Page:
The post-mortem will be conducted Thursday morning, said Sarabjit's lawyer in Pakistan Awais Shiekh.

The body would be handed over to the Indian High Commission at the earliest, said the Pakistan foreign ministry. The government of Pakistan Punjab also ordered a judicial probe.

The body will be flown home in a special Indian aircraft.

Back home, his hometown of Bhikiwind, about 280 km from the Punjab capital Chandigarh, virtually shut down in grief. Some residents also gathered outside the local gurdwara and protested against Pakistan.

The Punjab government has offered jobs to Sarabjit's daughters and Chief Minister Parkash Singh Badal said he would be given a state-level funeral.

Scant consolation for his family. On April 30, 2009, Sarabjit was scheduled to face the gallows but his hanging was postponed indefinitely. Four years and two days later, he died in Pakistan - and not from the noose.

Sarabjit was India's brave son, says 'deeply saddened' PM (Lead)

(14:10) New Delhi, May 2 (IANS) A "deeply saddened" Prime Minister Manmohan Singh Thursday condoled the passing way of Sarabjit Singh and termed him a brave son of India.

"I am deeply saddened by the passing away of Sarabjit Singh. He was a brave son of India who bore his tribulations with valiant fortitude," the prime minister said in a statement.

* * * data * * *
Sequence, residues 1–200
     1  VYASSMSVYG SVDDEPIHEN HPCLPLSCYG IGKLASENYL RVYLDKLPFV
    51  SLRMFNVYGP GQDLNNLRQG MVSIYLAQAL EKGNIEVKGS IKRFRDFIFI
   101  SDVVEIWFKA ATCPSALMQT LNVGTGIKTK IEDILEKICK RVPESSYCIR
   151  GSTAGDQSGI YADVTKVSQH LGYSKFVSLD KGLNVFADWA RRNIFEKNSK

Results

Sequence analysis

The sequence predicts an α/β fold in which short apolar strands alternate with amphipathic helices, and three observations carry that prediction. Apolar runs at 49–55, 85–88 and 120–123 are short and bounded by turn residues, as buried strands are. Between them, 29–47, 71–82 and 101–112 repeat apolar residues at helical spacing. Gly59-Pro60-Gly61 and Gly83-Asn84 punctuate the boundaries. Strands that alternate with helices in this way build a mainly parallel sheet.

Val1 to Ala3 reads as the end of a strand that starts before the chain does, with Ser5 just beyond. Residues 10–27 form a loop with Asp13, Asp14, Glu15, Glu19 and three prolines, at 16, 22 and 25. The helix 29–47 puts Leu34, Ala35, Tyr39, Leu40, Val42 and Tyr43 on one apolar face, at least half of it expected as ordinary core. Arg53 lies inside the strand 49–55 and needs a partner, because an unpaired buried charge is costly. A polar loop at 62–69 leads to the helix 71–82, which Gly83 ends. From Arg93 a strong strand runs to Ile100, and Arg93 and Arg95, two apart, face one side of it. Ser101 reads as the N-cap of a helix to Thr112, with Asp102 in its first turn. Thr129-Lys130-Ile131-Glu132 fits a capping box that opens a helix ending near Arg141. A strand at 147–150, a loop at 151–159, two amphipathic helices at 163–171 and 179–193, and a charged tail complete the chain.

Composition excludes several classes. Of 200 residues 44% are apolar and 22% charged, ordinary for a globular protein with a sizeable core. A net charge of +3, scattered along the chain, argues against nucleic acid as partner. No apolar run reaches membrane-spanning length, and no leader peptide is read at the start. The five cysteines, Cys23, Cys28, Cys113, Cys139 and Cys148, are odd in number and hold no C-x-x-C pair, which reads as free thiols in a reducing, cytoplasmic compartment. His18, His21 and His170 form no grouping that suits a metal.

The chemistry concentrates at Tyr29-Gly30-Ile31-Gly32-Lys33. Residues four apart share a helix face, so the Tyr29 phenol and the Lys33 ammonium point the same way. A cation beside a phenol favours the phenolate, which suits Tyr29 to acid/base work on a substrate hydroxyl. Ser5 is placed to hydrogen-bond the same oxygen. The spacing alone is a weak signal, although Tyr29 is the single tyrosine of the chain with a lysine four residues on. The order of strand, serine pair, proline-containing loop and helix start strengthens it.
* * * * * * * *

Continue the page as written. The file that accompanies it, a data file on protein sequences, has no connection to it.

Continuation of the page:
The prime minister demanded that "the criminals responsible for the barbaric and murderous attack on Sarabjit must be brought to justice".

He regretted that the Pakistan government had not heeded the pleas of the Indian government to take a humanitarian view in the case.

"It is particularly regrettable that the government of Pakistan did not heed the pleas of the government of India, Sarabjit's family and of civil society in India and Pakistan to take a humanitarian view of this case."

Manmohan Singh said the government would bring Sarabjit's body back home. "May his soul be granted the peace that he could not enjoy in life. Government will make the arrangements to bring his remains home and for his last rites to be conducted in consultation with his family. The nation shares their profound grief with them," he added.

Punjab declares 3-day state mourning, Rs.1 crore for Sarabjit family


Chandigarh, May 2 (IANS) Punjab Chief Minister Parkash Singh Badal Thursday declared a three-day state mourning in Punjab following the death of Indian prisoner Sarabjit Singh in Pakistan.

"The chief minister declared a three-day state mourning in Punjab. Flags will fly at half mast on all government buildings and there will be no official ceremonial functions during this period," a state government spokesman said here.

Badal, who spoke to Sarabjit's sister Dalbir Kaur by phone, also announced a financial assistance of Rs.1 crore to Sarabjit's family.

He assured the family members that the Punjab government would extend all help and support to Sarabjit's widow and two daughters.

Badal has already announced that the both daughters will be given government jobs.

He had earlier announced state-level honours at the cremation of Sarabjit Singh in his hometown Bhikhiwind. The cremation will take place Friday afternoon.